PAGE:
As for the interior, it too has been prepped for track duty, with practically all the innards stripped out and the space designed to accommodate the custom Sparco racing seats that were specifically commissioned just for this particular model. In lieu of a distraction producing infotainment system, the Mk II comes equipped with a MoTeC data acquisition system that also doubles as the display for the rear backup camera. A passenger seat and a racing duty air conditioning system are optional, but both of those items add weight. So buyers will have to choose which items they prioritize the most, achieving solid track times, or shaving a few seconds to let other well heeled friends come along for the ride. Look for some of the GT’s more rudimentary comfort features to remain intact, including the novel adjustable pedal box to help taller or shorter drivers make full use of the Mk II’s potent track slaying abilities.
Despite being recently unveiled at the 2019 Goodwood Festival of Speed, Ford claims that there are still a few available for purchase, with only 45 units being built for the entire production run. To ease fears of the cars adding onto the 1,350 unit production run for the broader GT lineup, Ford revealed that the 45 will be allotted out of the that particular number. Multimatic claims that it can build about 15 of these per year, so buyers will certainly want to get in touch with Ford as soon as possible on their interest to own one. But like before, buyers will not be able to simply walk into their local Ford dealership to get the keys, with the company still hand picking every buyer that will ultimately get one. In the case of the Mk II model, the process will be much stricter, with Ford claiming that only buyers who will use this special car to its full potential out on the track will be considered. In the meantime, Ford has released a short video covering the GT Mk II in more detail, and with the Goodwood Festival of Speed taking place during the 4th of July holiday, we have also added a second video of its run up the hill, which can all be seen below.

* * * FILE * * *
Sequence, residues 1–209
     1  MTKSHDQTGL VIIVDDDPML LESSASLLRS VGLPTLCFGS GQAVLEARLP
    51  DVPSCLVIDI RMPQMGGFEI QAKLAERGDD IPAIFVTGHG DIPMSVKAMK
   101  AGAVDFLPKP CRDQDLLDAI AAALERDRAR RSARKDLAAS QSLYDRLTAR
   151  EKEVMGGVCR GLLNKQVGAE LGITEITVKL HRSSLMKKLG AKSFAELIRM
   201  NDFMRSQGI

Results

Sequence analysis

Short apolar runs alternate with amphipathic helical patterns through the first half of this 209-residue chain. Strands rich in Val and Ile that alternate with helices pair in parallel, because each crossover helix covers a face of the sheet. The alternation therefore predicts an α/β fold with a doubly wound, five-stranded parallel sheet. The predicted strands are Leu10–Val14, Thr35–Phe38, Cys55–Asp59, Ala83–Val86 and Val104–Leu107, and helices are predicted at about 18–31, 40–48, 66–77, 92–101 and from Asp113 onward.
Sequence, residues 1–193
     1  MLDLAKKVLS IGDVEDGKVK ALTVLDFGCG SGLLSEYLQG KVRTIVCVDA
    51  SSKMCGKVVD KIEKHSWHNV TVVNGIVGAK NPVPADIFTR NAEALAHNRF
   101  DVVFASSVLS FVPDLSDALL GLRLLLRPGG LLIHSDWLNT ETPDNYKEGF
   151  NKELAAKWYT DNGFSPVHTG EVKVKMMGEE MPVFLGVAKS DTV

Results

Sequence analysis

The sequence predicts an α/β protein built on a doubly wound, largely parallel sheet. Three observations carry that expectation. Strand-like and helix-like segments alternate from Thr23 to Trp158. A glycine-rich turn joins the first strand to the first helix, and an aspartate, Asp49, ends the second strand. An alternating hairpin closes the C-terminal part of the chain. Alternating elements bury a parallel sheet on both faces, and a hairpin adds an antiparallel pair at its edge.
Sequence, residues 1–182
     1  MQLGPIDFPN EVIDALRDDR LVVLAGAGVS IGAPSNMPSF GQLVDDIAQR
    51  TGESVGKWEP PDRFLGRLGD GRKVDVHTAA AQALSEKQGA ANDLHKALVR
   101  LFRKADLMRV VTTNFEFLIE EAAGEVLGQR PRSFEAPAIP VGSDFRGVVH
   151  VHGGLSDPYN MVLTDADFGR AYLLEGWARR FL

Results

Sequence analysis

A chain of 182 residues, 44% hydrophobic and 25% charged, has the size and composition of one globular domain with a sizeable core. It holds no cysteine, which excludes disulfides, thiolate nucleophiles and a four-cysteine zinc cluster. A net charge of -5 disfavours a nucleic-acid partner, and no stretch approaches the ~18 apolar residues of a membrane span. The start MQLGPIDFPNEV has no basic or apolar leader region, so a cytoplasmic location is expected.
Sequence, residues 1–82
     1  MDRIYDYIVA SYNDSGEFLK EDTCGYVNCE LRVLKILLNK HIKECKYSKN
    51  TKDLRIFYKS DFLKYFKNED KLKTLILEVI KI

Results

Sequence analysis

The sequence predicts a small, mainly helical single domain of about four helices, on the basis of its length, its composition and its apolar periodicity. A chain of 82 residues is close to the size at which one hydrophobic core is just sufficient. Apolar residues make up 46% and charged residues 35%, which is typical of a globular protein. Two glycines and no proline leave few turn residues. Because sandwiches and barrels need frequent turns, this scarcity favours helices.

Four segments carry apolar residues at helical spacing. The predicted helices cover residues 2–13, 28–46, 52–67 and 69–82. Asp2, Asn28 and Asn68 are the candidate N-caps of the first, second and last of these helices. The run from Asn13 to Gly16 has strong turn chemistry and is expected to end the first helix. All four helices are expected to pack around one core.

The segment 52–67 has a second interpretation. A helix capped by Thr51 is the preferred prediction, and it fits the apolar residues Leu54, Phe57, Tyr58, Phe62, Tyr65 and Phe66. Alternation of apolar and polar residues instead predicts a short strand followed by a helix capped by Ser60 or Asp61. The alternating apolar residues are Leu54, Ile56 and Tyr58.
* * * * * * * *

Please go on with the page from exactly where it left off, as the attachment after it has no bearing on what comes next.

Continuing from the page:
Carl Malek has been an automotive journalist for over 10 years. First starting out as a freelance photographer before making the transition to writing during college, his work has appeared on numerous automotive forums as well as websites such as Autoshopper.com.
Carl is also a big fan of British vehicles with the bulk of his devotion going to the Morgan Motor Company as well as offerings from Lotus, MG, and Caterham. When he is not writing about automobiles, Carl enjoys spending time with his family and friends in the Metro Detroit area, as well as spending time with his adorable pets.